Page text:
Is it biased; how so? What does the document tell us about the time period in which was written?
Study Questions 1 In what ways did the writings of Comenius and Grotius foreshadow the themes of the later Enlightenment? The works of Comenius and Grotius set the stage for Enlightenment thought in a variety of ways.
Comenius emphasized the importance of education, claiming that educated citizens would be less likely to go to war. With this suggestion, Comenius made the same argument that the French philosophes would almost a century later—that reason, and the ability to think and analyze a situation, could solve the problems of the world.
Both Comenius and Grotius stressed the importance of treating men as individuals, not as commodities—a sentiment that they expressed in different ways.
Comenius felt that, physiologically speaking, we are all the same, and it is therefore unnecessary to fight with each other. In short, although they phrased it different ways, both men set forth the same ideas: Although both hailed from England and both rose to prominence early in the Enlightenment, Hobbes and Locke took diametrically opposite approaches in their political philosophies.
Hobbes was steadfast in his belief that all humans are inherently evil or base by nature. As a result, all people are intrinsically motivated to provide themselves with as many resources as possible.
Because resources in the world are limited, people thus become selfish and greedy in their competition for these resources. Hobbes believed that fear was the most effective way to control the citizenry and prevent the disorder that would result from each individual greedily pursuing his or her wants.
Locke was far more optimistic, stating that all humans were capable and that they strove for the betterment of the world. His one caveat was that humans in a society would all have to compromise on some of their ideals in the interest of forming a government that best served everyone—however, he believed that humans were reasonable enough to do so.
Subsequently, Locke was a proponent of a representative democracy.
In the late s and early s, when the Enlightenment was well under way in Britain and France, Germany was highly fragmented both politically and culturally. It was technically not a nation at all but rather a multitude of small sovereign states. Furthermore, nearly all of these states were ruled by despots who instituted strict censorship, stifling intellectual development and making the dissemination of new knowledge difficult.
German culture and literature were likewise disjointed, with different regions drawing on different influences and no distinct literary style yet in place. Whereas France and other European countries used vernacular languages for literature, the literary language in Germany was still predominantly Latin.
As a result, Enlightenment ideas from England and France took a long time to spread to Germany. Moreover, German intellectual culture had a prominent streak of conservatism that was lacking in England and France.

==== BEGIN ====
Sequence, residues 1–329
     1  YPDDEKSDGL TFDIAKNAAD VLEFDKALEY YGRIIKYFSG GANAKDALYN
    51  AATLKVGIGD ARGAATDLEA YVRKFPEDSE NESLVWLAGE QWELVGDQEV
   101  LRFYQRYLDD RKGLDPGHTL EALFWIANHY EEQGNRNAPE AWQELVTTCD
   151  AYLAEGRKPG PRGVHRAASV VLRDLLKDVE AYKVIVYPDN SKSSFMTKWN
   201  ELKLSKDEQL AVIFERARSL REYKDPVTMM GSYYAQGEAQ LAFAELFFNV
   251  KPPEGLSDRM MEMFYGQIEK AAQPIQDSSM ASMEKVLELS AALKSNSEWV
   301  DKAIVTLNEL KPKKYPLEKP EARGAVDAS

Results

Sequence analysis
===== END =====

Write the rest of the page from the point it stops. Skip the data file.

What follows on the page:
Christianity was still a dominant force in Germany, where there was not nearly the level of popular discontent with religion and the Church that there was in other western European nations. Leibniz, for instance, made a number of great discoveries in mathematics and philosophy, but his religious devotion kept him from straying too far from tradition.
As a result, when the German Enlightenment finally did begin in the late s, it proceeded in an entirely different direction from the English and French Enlightenments, embracing reason and rationalism but maintaining strong elements of religion and spirituality at the same time.You’ll find sample multiple-choice, short-answer, and free-response questions in this full AP European History Practice Exam .pdf/MB).
Sample Responses. Student responses to past exam free-response questions are available on AP Central. Short-Answer Response Booklets. Advanced Placement European History II: The Modern World New Directions.
Augustine Caliguire, The Center for Learning. • The Scientific Revolution and Enlightenment • The French Revolution and Napoleon • Reaction, Revolution, and Romanticism thematic essay questions. The DBQ essay is worth 45 percent of the free-. Sample Essay Prompt: Discuss the differences and similarities between the English rulers of the mid s and the French rulers in regard to the policy, practice, and success of Absolutism.
European governments of the s were often run by leaders known as “absolutists,” who tried to control as much of their country as possible. European history, particularly as tested on the Advanced Placement exam, requires students to master a multifaceted approach to history.
Of course, the AP test also utilizes a challenging format, with difficult multiple-choice questions and an exacting essay in the form of the document-based question. Review the events and ideologies that have shaped the Western world with Albert's AP® European History practice questions.
AP® European History Study Guide. Review the events and ideologies that have shaped the Western world with Albert's AP® European History practice questions.
Analyze the extent to which Enlightenment values were. ap european history free-response questions ® Use the map below to answer all parts of the question that follows.
Each dot represents a city that produced at least 50 different books or book editions during the period –